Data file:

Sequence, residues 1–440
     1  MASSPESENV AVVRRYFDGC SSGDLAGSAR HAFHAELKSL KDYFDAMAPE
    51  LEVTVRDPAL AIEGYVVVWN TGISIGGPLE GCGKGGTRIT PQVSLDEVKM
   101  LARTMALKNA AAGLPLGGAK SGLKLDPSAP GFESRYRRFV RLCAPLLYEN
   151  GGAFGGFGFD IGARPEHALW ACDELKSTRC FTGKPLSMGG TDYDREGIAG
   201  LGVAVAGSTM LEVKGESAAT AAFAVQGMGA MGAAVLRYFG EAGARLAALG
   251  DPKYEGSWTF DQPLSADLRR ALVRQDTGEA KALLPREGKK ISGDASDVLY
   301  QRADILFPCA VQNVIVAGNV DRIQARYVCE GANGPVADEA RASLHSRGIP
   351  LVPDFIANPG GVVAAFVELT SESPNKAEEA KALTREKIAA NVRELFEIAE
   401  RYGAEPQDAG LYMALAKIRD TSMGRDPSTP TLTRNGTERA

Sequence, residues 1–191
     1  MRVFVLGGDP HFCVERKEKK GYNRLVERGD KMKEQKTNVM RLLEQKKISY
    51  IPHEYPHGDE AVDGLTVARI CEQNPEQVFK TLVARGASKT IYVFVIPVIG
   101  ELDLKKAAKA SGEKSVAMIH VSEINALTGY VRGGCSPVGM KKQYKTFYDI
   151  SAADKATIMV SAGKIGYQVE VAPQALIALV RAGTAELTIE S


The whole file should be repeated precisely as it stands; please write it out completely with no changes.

Sequence, residues 1–440
     1  MASSPESENV AVVRRYFDGC SSGDLAGSAR HAFHAELKSL KDYFDAMAPE
    51  LEVTVRDPAL AIEGYVVVWN TGISIGGPLE GCGKGGTRIT PQVSLDEVKM
   101  LARTMALKNA AAGLPLGGAK SGLKLDPSAP GFESRYRRFV RLCAPLLYEN
   151  GGAFGGFGFD IGARPEHALW ACDELKSTRC FTGKPLSMGG TDYDREGIAG
   201  LGVAVAGSTM LEVKGESAAT AAFAVQGMGA MGAAVLRYFG EAGARLAALG
   251  DPKYEGSWTF DQPLSADLRR ALVRQDTGEA KALLPREGKK ISGDASDVLY
   301  QRADILFPCA VQNVIVAGNV DRIQARYVCE GANGPVADEA RASLHSRGIP
   351  LVPDFIANPG GVVAAFVELT SESPNKAEEA KALTREKIAA NVRELFEIAE
   401  RYGAEPQDAG LYMALAKIRD TSMGRDPSTP TLTRNGTERA

Sequence, residues 1–191
     1  MRVFVLGGDP HFCVERKEKK GYNRLVERGD KMKEQKTNVM RLLEQKKISY
    51  IPHEYPHGDE AVDGLTVARI CEQNPEQVFK TLVARGASKT IYVFVIPVIG
   101  ELDLKKAAKA SGEKSVAMIH VSEINALTGY VRGGCSPVGM KKQYKTFYDI
   151  SAADKATIMV SAGKIGYQVE VAPQALIALV RAGTAELTIE S